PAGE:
Senior Legal Policy Analyst, Center for Legal and Judicial Studies
areas of expertise: Legal Issues, Criminal Law, Constitutional Law, Privacy, Technology
Andrew M. Grossman is The Heritage Foundation's Senior Legal Policy Analyst.
In this position, Grossman researches federal criminal law and the problem of "overcriminalization" – the practice of turning minor civil offenses into serious criminal acts.
He also studies constitutional law; national security, civil liberties and privacy issues; domestic intelligence operations; the legal aspects of economic regulation; and tort law.
Before being named a Senior Legal Policy Analyst in January 2008, Grossman was a writer, editor and general analyst at Heritage, contributing to the think tank's research programs in domestic and economic policy, foreign policy and legal affairs.
His research subjects have included the Internet and data privacy, the State Children's Health Insurance Program (SCHIP), Medicare reform and congressional parliamentary procedure. Grossman's other research has covered law and economics, regulatory affairs, technology, entitlement reform and energy policy.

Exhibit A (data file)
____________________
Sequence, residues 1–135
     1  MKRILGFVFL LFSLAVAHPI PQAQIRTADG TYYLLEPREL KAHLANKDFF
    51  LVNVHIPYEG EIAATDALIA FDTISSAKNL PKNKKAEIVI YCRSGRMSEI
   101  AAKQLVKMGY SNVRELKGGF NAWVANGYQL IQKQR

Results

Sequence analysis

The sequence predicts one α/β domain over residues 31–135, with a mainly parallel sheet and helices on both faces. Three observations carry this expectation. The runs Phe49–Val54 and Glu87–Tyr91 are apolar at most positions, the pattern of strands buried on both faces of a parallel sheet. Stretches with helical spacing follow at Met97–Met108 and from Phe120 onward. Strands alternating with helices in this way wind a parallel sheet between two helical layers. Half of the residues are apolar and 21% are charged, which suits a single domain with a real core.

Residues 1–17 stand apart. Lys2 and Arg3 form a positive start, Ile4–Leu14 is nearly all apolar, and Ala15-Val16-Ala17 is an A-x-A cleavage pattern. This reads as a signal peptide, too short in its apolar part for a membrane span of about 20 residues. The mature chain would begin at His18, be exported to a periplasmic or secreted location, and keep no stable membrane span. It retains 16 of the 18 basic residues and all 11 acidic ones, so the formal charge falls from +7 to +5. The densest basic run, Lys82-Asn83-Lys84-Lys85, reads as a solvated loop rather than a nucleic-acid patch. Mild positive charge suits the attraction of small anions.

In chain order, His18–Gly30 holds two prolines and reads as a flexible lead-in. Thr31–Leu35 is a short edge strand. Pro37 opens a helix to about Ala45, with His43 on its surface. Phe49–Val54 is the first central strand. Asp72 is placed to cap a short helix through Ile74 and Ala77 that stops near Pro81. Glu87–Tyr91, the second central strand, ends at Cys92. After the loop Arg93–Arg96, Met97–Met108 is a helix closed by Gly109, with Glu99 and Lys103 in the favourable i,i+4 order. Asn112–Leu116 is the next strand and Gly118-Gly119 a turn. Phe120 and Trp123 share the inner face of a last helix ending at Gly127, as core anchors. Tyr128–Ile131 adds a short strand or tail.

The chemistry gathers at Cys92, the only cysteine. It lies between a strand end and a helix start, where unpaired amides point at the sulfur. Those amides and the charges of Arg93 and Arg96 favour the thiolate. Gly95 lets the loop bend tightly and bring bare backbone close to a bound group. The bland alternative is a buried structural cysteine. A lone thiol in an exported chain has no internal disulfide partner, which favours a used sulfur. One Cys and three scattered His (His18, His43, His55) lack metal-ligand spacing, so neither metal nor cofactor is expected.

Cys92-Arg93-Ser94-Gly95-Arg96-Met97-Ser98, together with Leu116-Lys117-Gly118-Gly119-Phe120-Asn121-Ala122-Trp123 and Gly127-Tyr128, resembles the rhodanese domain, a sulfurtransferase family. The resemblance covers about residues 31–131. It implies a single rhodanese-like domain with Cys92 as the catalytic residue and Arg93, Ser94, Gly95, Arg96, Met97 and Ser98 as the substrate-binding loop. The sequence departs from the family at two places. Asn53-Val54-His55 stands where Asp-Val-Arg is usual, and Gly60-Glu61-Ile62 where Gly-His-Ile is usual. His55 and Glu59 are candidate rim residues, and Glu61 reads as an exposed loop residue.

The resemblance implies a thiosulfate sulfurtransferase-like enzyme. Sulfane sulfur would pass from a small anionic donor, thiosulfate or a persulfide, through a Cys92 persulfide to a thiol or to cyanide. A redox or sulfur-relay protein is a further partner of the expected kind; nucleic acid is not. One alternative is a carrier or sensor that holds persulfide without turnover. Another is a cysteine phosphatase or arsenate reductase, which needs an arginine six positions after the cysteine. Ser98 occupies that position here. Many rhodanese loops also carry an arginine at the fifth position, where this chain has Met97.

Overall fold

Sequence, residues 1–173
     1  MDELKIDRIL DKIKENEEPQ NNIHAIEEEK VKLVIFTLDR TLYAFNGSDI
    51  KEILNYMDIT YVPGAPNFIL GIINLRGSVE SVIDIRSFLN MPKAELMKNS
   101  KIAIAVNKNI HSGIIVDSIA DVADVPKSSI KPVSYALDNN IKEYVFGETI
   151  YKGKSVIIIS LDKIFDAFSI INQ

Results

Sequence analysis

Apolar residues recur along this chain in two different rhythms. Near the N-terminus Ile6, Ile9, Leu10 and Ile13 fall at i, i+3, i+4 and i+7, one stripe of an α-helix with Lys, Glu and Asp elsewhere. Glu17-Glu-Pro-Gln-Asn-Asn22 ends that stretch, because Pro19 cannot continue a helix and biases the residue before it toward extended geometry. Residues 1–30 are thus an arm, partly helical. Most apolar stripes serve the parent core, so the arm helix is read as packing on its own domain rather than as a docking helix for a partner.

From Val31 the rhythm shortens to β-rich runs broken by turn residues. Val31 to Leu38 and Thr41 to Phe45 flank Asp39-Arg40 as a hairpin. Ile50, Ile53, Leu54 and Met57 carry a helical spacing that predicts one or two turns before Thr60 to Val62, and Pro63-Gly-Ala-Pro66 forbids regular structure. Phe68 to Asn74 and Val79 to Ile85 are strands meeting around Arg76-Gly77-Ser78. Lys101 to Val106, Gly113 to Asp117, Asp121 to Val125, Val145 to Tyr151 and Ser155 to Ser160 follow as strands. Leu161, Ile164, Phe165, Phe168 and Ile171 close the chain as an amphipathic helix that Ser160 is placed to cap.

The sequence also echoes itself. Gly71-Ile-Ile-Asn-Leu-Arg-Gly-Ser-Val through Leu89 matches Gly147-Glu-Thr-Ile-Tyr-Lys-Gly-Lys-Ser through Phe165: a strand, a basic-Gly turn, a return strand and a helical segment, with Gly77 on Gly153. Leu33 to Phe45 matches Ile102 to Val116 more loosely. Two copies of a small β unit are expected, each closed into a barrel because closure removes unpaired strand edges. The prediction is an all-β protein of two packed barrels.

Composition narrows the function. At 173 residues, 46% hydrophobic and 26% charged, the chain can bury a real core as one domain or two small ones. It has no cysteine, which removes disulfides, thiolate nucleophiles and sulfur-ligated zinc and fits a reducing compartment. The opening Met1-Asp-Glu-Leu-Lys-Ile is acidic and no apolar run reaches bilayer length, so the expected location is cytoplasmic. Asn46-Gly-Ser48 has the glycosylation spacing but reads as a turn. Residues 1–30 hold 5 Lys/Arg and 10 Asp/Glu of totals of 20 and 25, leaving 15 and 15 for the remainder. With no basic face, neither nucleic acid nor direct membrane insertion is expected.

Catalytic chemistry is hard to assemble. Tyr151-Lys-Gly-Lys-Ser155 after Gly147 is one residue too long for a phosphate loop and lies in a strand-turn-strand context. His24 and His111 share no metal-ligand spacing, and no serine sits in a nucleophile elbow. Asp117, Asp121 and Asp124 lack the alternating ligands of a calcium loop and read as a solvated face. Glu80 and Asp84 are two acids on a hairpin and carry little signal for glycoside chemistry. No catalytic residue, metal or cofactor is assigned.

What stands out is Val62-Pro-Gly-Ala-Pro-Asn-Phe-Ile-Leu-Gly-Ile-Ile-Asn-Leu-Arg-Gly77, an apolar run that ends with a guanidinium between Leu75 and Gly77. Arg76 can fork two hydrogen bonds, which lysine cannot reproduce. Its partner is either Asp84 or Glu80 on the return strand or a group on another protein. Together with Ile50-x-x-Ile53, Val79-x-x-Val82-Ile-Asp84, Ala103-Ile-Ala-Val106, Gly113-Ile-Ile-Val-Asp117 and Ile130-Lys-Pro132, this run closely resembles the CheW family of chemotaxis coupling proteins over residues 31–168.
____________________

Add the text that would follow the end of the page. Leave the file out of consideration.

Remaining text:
Over the years, Grossman's work has been published in dozens of newspapers and magazines, from USA Today to McSweeney's to the socialist Modern Times. Before joining Heritage in 2003, Grossman managed city- and state-level campaigns in Philadelphia.
In 2007, the Burton Foundation and the Library of Congress presented to Grossman a Burton Award for Legal Achievement for his research on federal evidentiary law and Internet communications technologies.
Grossman is a graduate of the George Mason University School of Law, where he received the Adrian S. Fischer for Best Student Research and the Betty Southard Murphy Award for Constitutional Law. He also served as Senior Articles Editor of the George Mason Law Review.
Grossman received his master's degree in government from the University of Pennsylvania in 2007, where he founded the Pennsylvania Independent, a student newspaper. In 2002, Grossman received a bachelor's degree in economics and anthropology from Dartmouth College, where he edited The Dartmouth Review.